Federal Employee Re-Deposits: Federal Employees Who Return to Work After Withdrawing Retirement Contributions
In our discussions of length of service for retirement purposes, we have already explored making deposits for service where no retirement deductions were taken. This article looks at service where you left federal service, withdrew your contributions and did not re-deposit them when you later returned to work for Uncle.
The bulk of this article will deal with CSRS employees, as the rules that cover CSRS re-deposits can get confusing. Towards the end of the article we will discuss the changes brought about by legislative action this past fall. These changes allow FERS employees to re-deposit contributions they have withdrawn. Up until the passage of the National Defense Authorization Act in November 2009, FERS employees were unable to make re-deposits.
TransFERS employees (those who switched from CSRS to FERS either in an open season, or upon returning to federal employment after a break in service of more than 365 days) will have any CSRS re-deposits covered by CSRS rules and FERS re-deposits covered by FERS rules.
When a CSRS employee is deciding whether or not to re-deposit money that was withdrawn, the most important thing to consider is the ending date of the service for which the refund was received. At the risk of oversimplifying, here’s a way to look at the choice. If the service ended before 03/01/91, the answer is “it depends”. If the service ended 03/01/91 or after, the answer is “pay it”.
It is unlikely that any CSRS employees would have withdrawn contributions on 03/01/91 or after, but if they did, the refunded service will not count in the computation of their annuity. I guess the good news is that the service will count for their eligibility to retire.
Let’s look at an example.
Jim withdrew ten years worth of CSRS contributions when he left on 01/01/92 to become an 8-track repairman. He soon realized he had made a bad decision and returned to federal
service before 365 days had passed. This fact allowed him to remain in CSRS. However, he had invested much of the money he withdrew in the business and was unable to make a re-deposit to the CSRS fund. He will work for a total of 30 years and will retire in 2012 with a high-three salary of $70,000. If he does not deposit the withdrawn contributions (and interest), his annuity will be $25,375 rather than the $39,375 it would have been had he made the re-deposit. Even though Jim would owe an amount in the vicinity of $50,000 by 2012, my advice to him would be to repay it, even if he had to take out a loan.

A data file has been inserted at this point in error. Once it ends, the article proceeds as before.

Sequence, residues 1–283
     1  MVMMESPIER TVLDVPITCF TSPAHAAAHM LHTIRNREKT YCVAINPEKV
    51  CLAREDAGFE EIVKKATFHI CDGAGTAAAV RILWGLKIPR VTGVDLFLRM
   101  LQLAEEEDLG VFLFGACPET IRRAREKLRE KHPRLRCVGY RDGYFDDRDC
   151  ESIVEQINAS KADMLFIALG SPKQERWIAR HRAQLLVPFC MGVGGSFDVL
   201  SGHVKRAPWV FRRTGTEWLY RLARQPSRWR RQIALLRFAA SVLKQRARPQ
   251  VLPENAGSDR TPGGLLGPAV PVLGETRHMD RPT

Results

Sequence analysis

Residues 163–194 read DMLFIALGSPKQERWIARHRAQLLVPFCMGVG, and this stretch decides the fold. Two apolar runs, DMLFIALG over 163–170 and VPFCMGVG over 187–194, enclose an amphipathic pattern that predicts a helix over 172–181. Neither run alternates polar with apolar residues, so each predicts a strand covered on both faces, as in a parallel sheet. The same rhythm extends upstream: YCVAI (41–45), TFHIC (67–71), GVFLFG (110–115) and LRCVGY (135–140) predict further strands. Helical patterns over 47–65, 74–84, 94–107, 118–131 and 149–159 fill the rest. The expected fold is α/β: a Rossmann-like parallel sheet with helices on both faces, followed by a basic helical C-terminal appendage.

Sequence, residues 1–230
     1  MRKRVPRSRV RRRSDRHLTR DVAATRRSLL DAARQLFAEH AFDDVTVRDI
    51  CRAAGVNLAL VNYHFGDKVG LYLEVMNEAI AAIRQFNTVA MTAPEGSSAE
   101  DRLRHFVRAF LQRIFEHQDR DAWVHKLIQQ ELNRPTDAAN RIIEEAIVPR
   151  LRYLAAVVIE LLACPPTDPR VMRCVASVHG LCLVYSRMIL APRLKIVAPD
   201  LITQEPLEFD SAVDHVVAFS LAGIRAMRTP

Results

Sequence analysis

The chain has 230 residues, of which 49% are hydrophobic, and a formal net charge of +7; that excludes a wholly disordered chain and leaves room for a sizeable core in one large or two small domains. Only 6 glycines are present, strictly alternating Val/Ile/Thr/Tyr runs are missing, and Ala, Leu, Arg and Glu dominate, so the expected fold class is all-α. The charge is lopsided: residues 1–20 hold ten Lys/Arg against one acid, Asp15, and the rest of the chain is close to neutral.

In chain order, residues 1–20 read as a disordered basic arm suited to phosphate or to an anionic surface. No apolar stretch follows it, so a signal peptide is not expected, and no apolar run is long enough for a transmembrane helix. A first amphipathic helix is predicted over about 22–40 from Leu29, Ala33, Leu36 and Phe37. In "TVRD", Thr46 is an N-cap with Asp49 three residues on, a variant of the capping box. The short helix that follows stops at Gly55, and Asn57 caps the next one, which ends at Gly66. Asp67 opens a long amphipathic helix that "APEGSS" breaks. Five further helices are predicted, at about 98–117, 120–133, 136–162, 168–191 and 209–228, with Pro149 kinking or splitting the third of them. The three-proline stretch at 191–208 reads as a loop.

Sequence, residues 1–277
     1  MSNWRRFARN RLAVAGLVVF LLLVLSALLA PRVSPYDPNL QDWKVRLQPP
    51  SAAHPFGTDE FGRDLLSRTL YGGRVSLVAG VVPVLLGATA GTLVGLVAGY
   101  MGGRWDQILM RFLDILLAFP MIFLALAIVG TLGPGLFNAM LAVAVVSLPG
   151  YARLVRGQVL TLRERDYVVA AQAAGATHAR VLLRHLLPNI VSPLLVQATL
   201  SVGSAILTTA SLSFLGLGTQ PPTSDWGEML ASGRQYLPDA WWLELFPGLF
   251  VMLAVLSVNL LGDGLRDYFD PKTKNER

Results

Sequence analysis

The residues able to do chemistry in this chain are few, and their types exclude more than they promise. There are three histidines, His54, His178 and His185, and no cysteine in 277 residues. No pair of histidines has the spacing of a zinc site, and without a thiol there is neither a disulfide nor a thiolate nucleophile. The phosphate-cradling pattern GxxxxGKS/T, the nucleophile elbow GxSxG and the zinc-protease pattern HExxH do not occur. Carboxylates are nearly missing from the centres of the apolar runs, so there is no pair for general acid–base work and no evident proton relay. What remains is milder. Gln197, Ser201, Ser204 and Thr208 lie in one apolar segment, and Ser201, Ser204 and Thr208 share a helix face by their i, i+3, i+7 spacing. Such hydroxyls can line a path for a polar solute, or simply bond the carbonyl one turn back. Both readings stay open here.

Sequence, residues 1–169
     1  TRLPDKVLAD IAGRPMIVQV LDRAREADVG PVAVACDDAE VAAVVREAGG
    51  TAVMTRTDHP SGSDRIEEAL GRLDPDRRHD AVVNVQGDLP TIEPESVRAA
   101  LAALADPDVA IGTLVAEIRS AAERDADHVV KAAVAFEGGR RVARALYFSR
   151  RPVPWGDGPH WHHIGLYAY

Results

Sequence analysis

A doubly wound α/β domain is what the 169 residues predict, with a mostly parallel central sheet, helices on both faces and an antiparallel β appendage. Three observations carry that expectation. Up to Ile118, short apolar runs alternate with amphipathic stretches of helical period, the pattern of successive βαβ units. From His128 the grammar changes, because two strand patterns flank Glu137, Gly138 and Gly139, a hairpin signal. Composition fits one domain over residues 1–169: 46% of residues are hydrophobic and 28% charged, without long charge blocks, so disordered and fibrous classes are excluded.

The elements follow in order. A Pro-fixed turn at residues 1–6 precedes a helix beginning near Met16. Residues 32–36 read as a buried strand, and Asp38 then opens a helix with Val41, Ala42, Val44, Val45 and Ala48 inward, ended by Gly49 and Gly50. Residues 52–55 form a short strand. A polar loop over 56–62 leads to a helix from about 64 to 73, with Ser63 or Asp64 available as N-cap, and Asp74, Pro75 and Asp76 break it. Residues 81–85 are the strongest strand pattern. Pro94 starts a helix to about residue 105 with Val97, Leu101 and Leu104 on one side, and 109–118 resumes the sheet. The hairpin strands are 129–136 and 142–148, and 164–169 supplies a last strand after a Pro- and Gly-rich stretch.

Now let’s look at the situation that most people who are facing a CSRS redeposit find themselves in. That is, the period of service for which they received a refund of contributions ended before 03/01/91.
In this case, the service counts for both their eligibility to retire and in their
retirement computation. If they do not make the redeposit, their annuity will be subject to an actuarial reduction (i.e., it will be reduced by an amount that is determined by their age at
retirement and the amount of redeposit that they owe). What they owe is the amount of money they withdrew plus interest.
Not to confuse you, but there is another date to remember.
Money taken out before 10/01/82 is charged interest at a flat 3% rate. If the money was taken out 10/01/82 or later, the interest charged varies year by year (in one year it was 13%). Since the amount taken out, plus interest will determine the annuity reduction, those who took the money out before 10/01/82 will face a smaller reduction.
Let’s say that Sally took her money out in 1981, and that, by 2012, the amount she will owe will be $30,000. When she retires in 2012, Sally will be 58 years old. The “Present Value Factor”
chart used by OPM gives a 58 year old a reduction factor of 197.6. That amount is divided into the $30,000 that Sally owes to determine how much her annuity is reduced. Her monthly annuity will be reduced by $152, or $1824 a year. That leaves her with a relatively small annual reduction in her annuity. Disregarding opportunity cost (what she could make by investing the money) Sally would break even when she reaches her life expectancy. If Sally had taken her money our after 10/01/82, she would have owed much more money (due to the variable interest rates) and would have taken a larger reduction in her annuity.
Now we will take a look at FERS employees who have withdrawn FERS contributions when they left federal service, but ended up coming back to federal employment. Thanks to the National Defense Authorization Act of 2009, FERS employees can re-deposit that money and receive credit for retirement eligibility and computation. If they do not re-deposit the money, they will receive no credit for either. The earlier example of Jim pretty much describes how a FERS employee would be affected.
The Office of Personnel Management (OPM) is working with FERS employees who have applied for retirement to compute their re-deposits and to receive their payments. OPM is not working at this time with FERS employees who want to make a re-deposit but have not yet applied for retirement. They are developing procedures and will make an announcement once they are ready to accept payments from those who have not yet applied for retirement. The folks at OPM must be really exhausted these days, what with having to implement all the changes that were enacted last year.
Probably the best advice for someone who is considering making a redeposit is to ask their human resources office to compute how much they owe and what the effect will be on their annuity if they do not pay it back. Armed with that information, they should be able to make a good decision.
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